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Be sure to visit the main site, whose mission is to tell you the names of the mountains you can see when you're standing almost anywhere in the world, and the general FAQ, which lists all the features HeyWhatsThat has to offer. Follow us on Twitter and sign up for our occasional email announcements.
If you're interested in the night sky, you may want to take a look at our planisphere (FAQ) site, where we overlay your horizon and the planets in the desktop version of Google Earth, or our cosmic site using Google Sky in the browser.
LayoutWe display an image of the Earth on the left of the page, an image of the night sky on the right, and a timeline along the bottom.
The Earth and sky panes are Google Earth images provided by the Google Earth plug-in. You can drag and zoom the images. To the sky pane we add an horizon line and images of the Sun, Moon, Earth's shadow. (We also show an image of Venus for its 2012 transit, and an asteroid image for the February 2013 close approach of 2012DA14.) On the Earth pane we mark the current viewer location with a purple X. For total and annular solar eclipses, we also show the path of the Moon's shadow's umbra across the Earth's surface: the dark disk marks the area that sees the full eclipse at any given time.
On the timeline a vertical line marks the moment represented in the sky. For solar eclipses, we mark the timeline with a purple X if we can determine the maximum eclipse for the current viewer location.
Planet positions and timingsPosition data for the Sun, Moon, planets and asteroids is obtained from the telnet service of NASA's Jet Propulsion Laboratory HORIZONS System. We use geocentric positions for the Sun and Venus, but topocentric positions -- based on the viewer location set in the Earth pane -- for the Moon and Earth's shadow and closely approaching asteroids.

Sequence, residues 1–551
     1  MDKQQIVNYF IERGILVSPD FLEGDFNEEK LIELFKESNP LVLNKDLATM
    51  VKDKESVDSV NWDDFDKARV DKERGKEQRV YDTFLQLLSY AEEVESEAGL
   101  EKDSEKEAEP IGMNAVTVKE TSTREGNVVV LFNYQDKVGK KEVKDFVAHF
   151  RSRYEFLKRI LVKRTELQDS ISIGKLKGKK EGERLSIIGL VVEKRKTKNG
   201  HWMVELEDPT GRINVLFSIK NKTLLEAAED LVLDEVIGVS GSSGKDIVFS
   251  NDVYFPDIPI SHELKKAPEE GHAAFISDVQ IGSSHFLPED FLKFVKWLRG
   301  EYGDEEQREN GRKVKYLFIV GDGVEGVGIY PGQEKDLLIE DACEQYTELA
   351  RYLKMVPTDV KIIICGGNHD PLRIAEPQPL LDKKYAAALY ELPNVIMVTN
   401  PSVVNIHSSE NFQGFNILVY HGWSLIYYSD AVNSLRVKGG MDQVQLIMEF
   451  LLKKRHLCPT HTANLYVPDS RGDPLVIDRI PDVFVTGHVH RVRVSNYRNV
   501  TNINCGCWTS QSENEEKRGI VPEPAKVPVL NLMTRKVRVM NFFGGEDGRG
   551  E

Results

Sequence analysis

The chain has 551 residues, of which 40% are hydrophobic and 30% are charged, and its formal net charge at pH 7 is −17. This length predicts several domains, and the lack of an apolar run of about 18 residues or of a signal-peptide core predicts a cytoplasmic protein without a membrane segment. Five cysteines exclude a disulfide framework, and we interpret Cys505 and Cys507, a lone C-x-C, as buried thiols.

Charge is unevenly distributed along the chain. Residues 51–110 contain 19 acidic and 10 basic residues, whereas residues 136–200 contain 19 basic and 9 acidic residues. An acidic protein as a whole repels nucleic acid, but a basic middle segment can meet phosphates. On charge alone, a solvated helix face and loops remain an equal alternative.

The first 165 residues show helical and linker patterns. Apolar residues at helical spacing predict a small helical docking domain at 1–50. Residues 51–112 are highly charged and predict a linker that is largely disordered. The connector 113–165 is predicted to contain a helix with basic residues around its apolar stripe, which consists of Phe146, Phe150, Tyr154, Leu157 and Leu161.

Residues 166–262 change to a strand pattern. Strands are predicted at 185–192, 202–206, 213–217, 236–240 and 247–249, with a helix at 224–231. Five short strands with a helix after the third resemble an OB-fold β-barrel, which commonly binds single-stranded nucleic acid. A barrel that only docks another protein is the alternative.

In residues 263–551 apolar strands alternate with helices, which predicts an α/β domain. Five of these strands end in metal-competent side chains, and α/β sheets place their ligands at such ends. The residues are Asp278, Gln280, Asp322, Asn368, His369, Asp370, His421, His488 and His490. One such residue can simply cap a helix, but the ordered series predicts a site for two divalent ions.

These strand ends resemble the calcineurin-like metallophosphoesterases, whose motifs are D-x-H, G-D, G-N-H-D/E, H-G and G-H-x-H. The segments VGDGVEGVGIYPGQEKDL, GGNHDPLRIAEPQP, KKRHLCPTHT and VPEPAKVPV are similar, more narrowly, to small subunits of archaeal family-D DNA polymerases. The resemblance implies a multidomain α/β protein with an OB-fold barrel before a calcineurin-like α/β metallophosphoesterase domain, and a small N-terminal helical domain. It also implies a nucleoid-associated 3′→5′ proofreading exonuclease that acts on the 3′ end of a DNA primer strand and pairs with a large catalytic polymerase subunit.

For precise eclipse and transit timings, visit the NASA Eclipse web site. (Here are their pages for the May 20 solar eclipse and the June 6 Transit of Venus.)
Sun and Moon image details
The images of the Sun and Moon are fixed and do not reflect their current conditions or orientation. The Sun's surface is extremely dynamic; you can see current images at spaceweather.com. The precise area of the Moon visible during a full Moon varies as well.
The images of the Sun, Moon and Venus were found by browsing the NASA Planetary Photojournal, Wikipedia, and the Wikimedia Commons. We converted to PNG, cropped the planets and made the backgrounds transparent, and reduced sizes. The Moon image used for solar eclipses and the Venus image used for the transit are darkened from the original. The image used for the February 2013 close approach of asteroid 2012 DA14 is actually of another asteroid, Ida, and is shown about 10,000 times larger than 2012 DA14. The originals are here: Sun Moon (Credit: Luc Viatour www.lucnix.be) Venus Ida
For the Earth's shadow, we compute the radius of the Earth's shadow's umbra and penumbra at the distance to the Moon, and draw the penumbra with a 50% gray, 50% transparent PNG and the umbra with a black, 50% transparent PNG. In the computation we use the radius of the Earth at latitude 45° and apply Danjon's empirical rule of increasing the radius by 1/85 to account for the Earth's atmosphere. Our results come pretty close to the NASA Eclipse Web Site Lunar eclipse predictions.
Inside baseball: the PenumbraGoogle Earth has trouble drawing filled polygons around either pole. So when a solar eclipse has a penumbra that will cross one of the poles, we use a thick line rather than a filled polygon to represent the penumbra.
It also has trouble filling areas that cross the international date line (e.g. longitude changes from -180 to 180); you can see how we handle that in the source in the function denormalize().